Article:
Skateboarding spreads from Venice Beach to London. In 1973 skaters find the ‘Undercroft’ features perfect for skateboarding and the first photos of skating along the South Bank are published in 1976. Dubbed ‘Southbank’ by the resident skaters, the space is a ‘found space’ and ‘street spot’ rather than being designed as a skatepark.

1988

Southbank saw the legendary Powell team travel to the Undercroft as well as the local ‘Smell of Death’ jam, bringing the community together in a celebration of the space

The 1980s saw dramatic changes in British Skateboarding, with Southbank central to its development. By this point Southbank was established as the epicentre of UK skateboarding whilst simultaneously serving as a shelter for the homeless who resided in the famous Cardboard City. 1988 saw the legendary Powell team travel to the Undercroft as well as the ‘Smell of Death’ jam, bringing the community together in a celebration of the space.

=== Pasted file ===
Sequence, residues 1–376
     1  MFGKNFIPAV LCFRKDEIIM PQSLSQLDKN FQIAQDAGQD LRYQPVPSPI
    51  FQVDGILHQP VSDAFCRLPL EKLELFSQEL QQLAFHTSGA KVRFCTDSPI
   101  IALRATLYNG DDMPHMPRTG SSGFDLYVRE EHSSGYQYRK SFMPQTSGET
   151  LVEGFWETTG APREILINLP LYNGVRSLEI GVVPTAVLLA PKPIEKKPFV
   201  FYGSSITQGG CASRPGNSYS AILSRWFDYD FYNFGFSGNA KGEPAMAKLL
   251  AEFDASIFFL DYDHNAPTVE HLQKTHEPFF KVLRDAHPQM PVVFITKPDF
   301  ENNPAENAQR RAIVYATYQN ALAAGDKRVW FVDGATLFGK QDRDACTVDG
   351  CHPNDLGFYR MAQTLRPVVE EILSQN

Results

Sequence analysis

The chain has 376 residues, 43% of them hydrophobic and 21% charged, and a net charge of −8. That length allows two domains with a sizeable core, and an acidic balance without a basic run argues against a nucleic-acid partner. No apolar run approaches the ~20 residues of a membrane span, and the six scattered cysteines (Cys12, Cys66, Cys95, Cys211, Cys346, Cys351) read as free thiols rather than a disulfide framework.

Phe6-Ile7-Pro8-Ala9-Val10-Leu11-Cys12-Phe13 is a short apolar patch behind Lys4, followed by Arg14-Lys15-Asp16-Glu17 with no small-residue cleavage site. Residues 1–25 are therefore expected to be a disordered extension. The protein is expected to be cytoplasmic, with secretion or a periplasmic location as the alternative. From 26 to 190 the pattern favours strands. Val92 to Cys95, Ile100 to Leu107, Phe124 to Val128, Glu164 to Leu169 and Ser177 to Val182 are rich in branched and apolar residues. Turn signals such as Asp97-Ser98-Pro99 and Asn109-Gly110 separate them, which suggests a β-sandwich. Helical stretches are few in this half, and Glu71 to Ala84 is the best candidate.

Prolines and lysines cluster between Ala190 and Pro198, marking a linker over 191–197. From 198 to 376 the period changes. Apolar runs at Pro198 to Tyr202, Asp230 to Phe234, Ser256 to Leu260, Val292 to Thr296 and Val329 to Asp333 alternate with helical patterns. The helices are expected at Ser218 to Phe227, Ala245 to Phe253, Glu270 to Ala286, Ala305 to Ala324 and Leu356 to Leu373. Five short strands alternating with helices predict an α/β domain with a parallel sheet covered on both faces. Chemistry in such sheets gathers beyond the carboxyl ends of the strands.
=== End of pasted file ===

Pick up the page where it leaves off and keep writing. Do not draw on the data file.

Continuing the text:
1990

Many of the original features of Southbank are destroyed to deter skateboarding. Skateboarders show their creativity by seeing the new obstacles as skateable objects

Many of the original features of Southbank are destroyed to deter skateboarding. The much-loved ‘Bank to Wall’ is skate stopped with bollards, the ‘Little Banks’ are fenced off, a ‘Driveway’ has pebbles placed on it and paving slabs on the ‘flat ground’ have lines drilled into them. Skateboarders show their creativity by seeing the new obstacles as skateable objects.

2004

Large sections of the Undercroft spaces are closed off. ‘The Side Effects of Urethane’ exhibition takes place, with skateable sculptures and artwork installed